Customs won't accept 'garbage information'

By YOURI KEMP

Tribune Business Reporter

ykemp@tribunemedia.net

A top Customs official yesterday warned its new system will not accept “garbage information” as a Bahamian firm unveiled software designed to smooth the Click2Clear user’s experience.

Information Specialists Bahamas (ISL), a software development company, yesterday demonstrated at Customs’ headquarters its SWIM solution that is designed to ease the declaration process and related hassles endured with the Electronic Single Window (ESW) system.

Jasmine Hudson, superintendent of Customs and lead administrator for the system, said of ISL’s solution: “All businesses and individuals that import goods must be registered on the single window, and this system is one of the systems that allows the process of submitting your declarations to us to be more easier and smoother.

“We have companies that are presently using this system, and systems similar to this, and it has made their process a whole lot smoother and easier.” Tribune Business previously revealed numerous complaints with Customs’ new system, which was rolled out on October 1 for all New Providence’s seaborne cargo.

The major concerns harboured by brokers and large importers relate to the fact they were informed that shipments would be immediately released once due taxes (VAT and duties/excise tax) was paid on the declaration.

This was intended to speed up the clearance of goods at the border, benefiting Bahamian merchants, wholesalers and other importers through reduced supply chain delays and associated logistical costs. However, in practice, this is not happening as Customs is still insisting on checking consignments prior to their clearance even if taxes have been paid.

Other issues include “significant delays” to the replenishment of companies’ performance bonds with Customs even after due taxes are paid, and problems processing shipments where VAT waivers are required. The latter is understood to have added an extra business day to processing/clearance times alone.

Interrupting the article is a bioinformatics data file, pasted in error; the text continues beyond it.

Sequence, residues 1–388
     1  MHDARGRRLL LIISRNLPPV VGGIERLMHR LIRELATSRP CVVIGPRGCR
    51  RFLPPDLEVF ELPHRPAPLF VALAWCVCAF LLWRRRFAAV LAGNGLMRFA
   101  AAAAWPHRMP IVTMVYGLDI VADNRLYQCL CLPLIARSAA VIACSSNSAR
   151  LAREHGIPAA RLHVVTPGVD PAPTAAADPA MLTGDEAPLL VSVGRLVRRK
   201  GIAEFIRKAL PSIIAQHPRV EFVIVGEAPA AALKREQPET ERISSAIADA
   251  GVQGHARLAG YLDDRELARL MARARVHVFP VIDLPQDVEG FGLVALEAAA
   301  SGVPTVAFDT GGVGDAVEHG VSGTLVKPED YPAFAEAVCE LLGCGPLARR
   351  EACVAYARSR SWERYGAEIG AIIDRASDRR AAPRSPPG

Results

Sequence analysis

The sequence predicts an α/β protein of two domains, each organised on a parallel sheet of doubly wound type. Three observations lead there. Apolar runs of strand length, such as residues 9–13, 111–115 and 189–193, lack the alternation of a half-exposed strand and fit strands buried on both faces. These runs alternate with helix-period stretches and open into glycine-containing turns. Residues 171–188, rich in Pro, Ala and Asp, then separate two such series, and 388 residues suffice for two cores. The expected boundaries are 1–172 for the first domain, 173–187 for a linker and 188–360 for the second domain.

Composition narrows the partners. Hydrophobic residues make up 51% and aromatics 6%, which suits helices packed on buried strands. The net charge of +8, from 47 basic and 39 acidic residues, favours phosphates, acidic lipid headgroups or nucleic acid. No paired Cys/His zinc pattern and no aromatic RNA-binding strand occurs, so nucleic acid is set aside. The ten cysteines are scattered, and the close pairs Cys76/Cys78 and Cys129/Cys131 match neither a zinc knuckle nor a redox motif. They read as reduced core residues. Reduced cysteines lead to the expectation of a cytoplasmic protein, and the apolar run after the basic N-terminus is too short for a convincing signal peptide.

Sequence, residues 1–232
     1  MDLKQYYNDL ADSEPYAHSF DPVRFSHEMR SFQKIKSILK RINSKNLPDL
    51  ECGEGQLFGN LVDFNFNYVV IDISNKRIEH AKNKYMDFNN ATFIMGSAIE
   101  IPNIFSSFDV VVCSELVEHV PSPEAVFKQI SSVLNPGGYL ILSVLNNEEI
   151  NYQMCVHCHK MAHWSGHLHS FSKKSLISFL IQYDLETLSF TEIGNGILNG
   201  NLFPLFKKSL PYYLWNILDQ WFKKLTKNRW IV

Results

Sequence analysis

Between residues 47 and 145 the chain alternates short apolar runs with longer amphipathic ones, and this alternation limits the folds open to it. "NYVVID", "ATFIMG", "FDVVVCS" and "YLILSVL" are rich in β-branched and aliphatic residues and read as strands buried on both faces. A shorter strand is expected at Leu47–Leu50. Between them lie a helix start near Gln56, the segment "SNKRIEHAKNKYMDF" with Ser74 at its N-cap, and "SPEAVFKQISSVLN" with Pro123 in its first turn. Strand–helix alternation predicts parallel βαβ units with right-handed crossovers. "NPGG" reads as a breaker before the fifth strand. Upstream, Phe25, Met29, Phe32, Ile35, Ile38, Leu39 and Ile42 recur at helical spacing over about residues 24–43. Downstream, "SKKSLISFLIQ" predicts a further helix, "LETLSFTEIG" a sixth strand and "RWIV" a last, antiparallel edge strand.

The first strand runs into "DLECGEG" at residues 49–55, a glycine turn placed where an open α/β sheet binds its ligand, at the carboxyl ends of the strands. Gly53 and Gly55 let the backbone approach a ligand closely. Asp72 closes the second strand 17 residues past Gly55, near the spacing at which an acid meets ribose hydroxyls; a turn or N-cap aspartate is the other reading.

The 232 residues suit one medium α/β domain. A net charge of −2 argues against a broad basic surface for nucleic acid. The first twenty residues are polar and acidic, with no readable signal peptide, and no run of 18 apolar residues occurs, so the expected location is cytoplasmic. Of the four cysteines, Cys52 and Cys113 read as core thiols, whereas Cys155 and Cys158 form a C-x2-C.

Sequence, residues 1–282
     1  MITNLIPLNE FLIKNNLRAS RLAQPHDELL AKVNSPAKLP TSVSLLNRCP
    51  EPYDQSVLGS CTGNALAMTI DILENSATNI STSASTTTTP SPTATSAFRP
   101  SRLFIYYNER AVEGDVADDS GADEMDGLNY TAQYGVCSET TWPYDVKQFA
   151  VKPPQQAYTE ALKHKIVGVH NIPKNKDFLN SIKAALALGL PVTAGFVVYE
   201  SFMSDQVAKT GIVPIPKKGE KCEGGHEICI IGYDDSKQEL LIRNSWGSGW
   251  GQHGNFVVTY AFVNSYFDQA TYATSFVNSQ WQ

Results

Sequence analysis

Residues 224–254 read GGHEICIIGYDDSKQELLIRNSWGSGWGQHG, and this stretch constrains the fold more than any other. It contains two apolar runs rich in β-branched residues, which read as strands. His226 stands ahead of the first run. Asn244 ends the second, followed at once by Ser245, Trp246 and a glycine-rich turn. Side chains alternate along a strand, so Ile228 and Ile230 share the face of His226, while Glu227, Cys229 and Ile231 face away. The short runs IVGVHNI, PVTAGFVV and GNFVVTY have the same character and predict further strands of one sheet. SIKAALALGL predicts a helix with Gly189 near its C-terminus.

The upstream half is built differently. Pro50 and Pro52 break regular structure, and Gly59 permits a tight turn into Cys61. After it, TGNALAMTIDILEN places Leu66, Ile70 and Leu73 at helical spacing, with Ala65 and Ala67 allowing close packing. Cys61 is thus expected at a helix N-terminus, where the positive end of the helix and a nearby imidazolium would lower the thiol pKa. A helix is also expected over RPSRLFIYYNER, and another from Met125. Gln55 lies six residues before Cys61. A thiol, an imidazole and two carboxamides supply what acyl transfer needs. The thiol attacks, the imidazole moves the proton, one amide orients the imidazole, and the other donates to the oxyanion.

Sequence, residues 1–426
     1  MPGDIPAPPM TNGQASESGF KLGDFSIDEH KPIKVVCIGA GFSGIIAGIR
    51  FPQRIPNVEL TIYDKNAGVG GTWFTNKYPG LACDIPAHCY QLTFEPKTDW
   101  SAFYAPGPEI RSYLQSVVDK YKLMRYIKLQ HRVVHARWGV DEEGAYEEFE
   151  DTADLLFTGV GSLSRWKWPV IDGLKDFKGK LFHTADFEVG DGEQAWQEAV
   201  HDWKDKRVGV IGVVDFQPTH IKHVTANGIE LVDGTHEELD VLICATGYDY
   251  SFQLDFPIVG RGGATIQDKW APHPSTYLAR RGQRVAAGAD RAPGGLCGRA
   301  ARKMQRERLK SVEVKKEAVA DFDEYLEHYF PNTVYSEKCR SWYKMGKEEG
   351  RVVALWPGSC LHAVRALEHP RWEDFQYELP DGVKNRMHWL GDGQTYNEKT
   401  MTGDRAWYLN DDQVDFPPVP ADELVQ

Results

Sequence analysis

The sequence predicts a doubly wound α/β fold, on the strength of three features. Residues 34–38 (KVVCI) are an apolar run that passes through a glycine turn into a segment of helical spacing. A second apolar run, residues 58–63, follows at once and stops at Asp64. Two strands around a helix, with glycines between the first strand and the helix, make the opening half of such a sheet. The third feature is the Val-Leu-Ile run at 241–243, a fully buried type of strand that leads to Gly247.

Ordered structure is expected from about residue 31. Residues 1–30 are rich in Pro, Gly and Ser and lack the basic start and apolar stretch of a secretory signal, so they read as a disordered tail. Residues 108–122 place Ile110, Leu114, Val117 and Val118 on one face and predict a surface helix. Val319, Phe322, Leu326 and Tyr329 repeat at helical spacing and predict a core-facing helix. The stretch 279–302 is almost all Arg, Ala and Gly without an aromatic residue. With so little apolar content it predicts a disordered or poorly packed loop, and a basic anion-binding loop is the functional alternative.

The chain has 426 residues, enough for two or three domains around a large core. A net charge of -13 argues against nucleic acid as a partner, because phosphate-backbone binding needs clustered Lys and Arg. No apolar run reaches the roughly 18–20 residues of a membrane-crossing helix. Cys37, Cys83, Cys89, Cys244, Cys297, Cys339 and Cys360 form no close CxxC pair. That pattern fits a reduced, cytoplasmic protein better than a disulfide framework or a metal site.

Responding to these concerns, Ms Hudson said yesterday that the system “will not be changed”. She added: “The process now requires the declaration to be submitted and paid for, and then the examination is done.

“The system does not require new information; it just requires accurate information. Prior to now a lot of persons never really paid attention to what they were putting in the system, which meant that Customs was receiving a lot of garbage information because people were just putting things in.

“Now, this system does not allow that garbage information to be put in any longer. You have to put in correct information and the system will not allow you to put in garbage.”

Vouching for the efficacy and necessity of the Electronic Single Window, Ms Hudson said: “In the past companies were permitted to submit declarations prior to payment. Now the Government is seeing the revenue ahead of releasing. So it improves the Government’s revenue intake; it improves the data intake.

“Data is needed for [the Ministry of Finance] to make decisions when there is time for revenue changes to be made. This information needs to come in, and we need to submit correct data so that they can make proper decisions with respect to duty rate changes, with respect to goods being allowed into he country, what concessions would be permitted based on the amount of stuff coming in. So the data has to be a little more accurate so that they can make better decisions.”

Ms Hudson added that once the importer uses the right concession code, the system knows exactly what type of duty applies based on the code used.

Clyde Symonette, ISL managing director, said: “What’s happening now is that if you have an invoice that has some duty-paid items and some concession items, you have to submit two entries to Customs. That’s the advantage of SWIM. Using the one invoice, SWIM automatically separates the concession items and the duty items and sends them to Customs on one shot.”

Ms Hudson added that the system “lag” brokers and importers were experiencing last week had nothing to do with the Electronic Single Window crashing on its own, but instead infrastructure issues with the central government’s “cloud system” at the Ministry of Finance.

The “cloud system” is the feeder for the Electronic Single Window, and its provider, Cloud Carib, has since increased the amount of support and data provided to he Customs system so it can handle the volume of persons using it on a daily basis.